This Map Will Show If Your Web Traffic Passes Through an NSA Listening Post
IXmaps wants to “make visible the secret, dangerous, often illegal forms of surveillance that are increasingly becoming part of everyday life.”
Internet data pinballs across national borders, and for Canadians this means potentially exposing it to eavesdropping by US-based corporations and the National Security Agency.
Now, an interactive mapping tool named Internet Exchange Mapping (IXmaps), re-launched for public use today, will show you how—and how easily—your data can be spied on by tracing the oftentimes byzantine routes data takes when traversing the internet.
IXmaps looks at what are known as traceroutes, the geographic path data takes when bouncing through internet exchanges—buildings connecting the most important internet cables. The NSA for example, is known to have installed listening posts in some of these buildings, and can listen in on the data that passes through.
The point of IXmaps is to reveal how your data might pass through one of these listening posts, said the site's founder and University of Toronto professor Andrew Clement. The idea is to "make visible the secret, dangerous, often illegal forms of surveillance that are increasingly becoming part of everyday life," he said in an interview.
The current version of IXmaps was developed with help from OpenMedia, the Canadian Internet Registration Authority (which manages the .CA domain), and Office of the Privacy Commissioner of Canada. The project has been in the works since 2008.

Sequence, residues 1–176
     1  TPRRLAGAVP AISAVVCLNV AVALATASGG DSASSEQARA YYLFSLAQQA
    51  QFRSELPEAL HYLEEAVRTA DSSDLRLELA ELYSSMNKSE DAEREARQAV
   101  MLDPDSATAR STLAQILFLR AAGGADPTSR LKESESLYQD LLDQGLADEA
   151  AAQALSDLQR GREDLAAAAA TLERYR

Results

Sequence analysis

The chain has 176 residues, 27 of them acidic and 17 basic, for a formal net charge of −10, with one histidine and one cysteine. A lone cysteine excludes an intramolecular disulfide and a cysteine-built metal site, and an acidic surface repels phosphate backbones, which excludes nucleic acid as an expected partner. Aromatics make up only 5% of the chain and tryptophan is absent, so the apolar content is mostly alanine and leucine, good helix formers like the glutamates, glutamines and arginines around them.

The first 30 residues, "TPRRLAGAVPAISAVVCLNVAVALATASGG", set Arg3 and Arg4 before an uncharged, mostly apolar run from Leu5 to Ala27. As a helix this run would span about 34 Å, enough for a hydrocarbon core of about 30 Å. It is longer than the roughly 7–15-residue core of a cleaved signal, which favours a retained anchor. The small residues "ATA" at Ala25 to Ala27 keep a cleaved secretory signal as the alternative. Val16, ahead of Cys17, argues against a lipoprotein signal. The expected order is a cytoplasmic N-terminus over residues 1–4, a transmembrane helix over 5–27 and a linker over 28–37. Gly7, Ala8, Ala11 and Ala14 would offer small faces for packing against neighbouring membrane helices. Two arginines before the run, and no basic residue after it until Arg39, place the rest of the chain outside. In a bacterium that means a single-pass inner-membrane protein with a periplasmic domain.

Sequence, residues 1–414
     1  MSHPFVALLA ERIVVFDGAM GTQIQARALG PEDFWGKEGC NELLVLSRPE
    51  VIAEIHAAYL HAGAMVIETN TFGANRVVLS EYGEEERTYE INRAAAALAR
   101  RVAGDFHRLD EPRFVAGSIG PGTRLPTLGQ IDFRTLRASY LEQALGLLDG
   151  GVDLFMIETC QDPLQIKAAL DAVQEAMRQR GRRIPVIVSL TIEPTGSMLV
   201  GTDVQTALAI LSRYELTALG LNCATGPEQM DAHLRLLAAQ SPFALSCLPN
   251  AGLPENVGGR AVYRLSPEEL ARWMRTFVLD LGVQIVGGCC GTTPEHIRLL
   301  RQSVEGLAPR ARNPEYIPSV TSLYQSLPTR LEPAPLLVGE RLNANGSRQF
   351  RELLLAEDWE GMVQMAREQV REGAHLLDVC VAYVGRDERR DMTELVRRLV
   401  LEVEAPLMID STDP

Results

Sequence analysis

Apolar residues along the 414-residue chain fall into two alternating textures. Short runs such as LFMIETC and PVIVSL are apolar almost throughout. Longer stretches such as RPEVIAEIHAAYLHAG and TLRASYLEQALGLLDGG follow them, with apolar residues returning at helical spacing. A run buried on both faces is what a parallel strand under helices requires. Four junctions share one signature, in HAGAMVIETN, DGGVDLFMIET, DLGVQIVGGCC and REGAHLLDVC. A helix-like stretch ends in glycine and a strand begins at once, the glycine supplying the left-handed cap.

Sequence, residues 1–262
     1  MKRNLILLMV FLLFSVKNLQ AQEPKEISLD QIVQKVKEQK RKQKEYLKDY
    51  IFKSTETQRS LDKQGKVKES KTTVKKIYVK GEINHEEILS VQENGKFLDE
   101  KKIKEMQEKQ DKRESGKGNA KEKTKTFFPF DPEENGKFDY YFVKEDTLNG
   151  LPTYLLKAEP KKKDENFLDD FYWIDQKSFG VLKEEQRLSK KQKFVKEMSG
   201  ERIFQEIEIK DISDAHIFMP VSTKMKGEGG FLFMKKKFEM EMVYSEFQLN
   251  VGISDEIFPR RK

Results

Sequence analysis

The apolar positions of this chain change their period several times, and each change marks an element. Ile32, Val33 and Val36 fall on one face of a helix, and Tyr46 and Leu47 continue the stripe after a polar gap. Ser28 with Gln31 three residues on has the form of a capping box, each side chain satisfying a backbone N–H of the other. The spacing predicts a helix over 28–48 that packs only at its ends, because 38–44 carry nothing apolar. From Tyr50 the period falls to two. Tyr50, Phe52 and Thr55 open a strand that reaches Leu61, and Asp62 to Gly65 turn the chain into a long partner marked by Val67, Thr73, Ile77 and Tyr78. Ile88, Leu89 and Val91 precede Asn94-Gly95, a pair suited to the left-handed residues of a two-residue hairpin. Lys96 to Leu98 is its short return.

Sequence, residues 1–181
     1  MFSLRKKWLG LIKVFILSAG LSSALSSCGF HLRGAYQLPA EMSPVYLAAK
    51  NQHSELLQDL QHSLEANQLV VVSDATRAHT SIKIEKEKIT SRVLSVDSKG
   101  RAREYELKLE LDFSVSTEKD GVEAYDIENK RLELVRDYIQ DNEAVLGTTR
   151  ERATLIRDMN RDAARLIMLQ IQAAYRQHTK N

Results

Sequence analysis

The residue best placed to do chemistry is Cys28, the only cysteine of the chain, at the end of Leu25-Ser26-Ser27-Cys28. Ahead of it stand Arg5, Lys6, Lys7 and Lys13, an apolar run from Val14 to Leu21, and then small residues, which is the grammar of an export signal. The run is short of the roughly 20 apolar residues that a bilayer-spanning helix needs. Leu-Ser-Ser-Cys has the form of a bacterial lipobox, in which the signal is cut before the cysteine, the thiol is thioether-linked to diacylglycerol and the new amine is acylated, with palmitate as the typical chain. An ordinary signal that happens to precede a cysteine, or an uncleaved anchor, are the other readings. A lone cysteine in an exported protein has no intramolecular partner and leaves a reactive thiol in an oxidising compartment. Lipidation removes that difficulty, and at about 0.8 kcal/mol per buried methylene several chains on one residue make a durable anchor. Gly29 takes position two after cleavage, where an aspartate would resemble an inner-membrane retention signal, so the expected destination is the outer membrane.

The NSA can look at pretty much all American data, Clement said. Listening posts presumably don't discriminate based on nationality—whether you're Canadian or American, they're interested in data crossing in and out of the US. The map includes 18 US cities where "reported and suspected" NSA interception facilities are located.
"Once outside Canada, your data is treated by the NSA as foreign and loses Canadian legal and constitutional protections," the IXmaps website explains. "This represents a major loss of privacy."
Just this month, the Privacy Commissioner of Canada issued an open letter asking for better protection of Canadian privacy after Donald Trump signed an executive order that excluded permanent residents and non-US citizens from the protections under the US Privacy Act.
"This is a major challenge to democratic principles," Clement said. "And these fears greatly increased with what we saw with the Trump administration."
Subscribe to pluspluspodcast, Motherboard's new show about the people and machines that are building our future.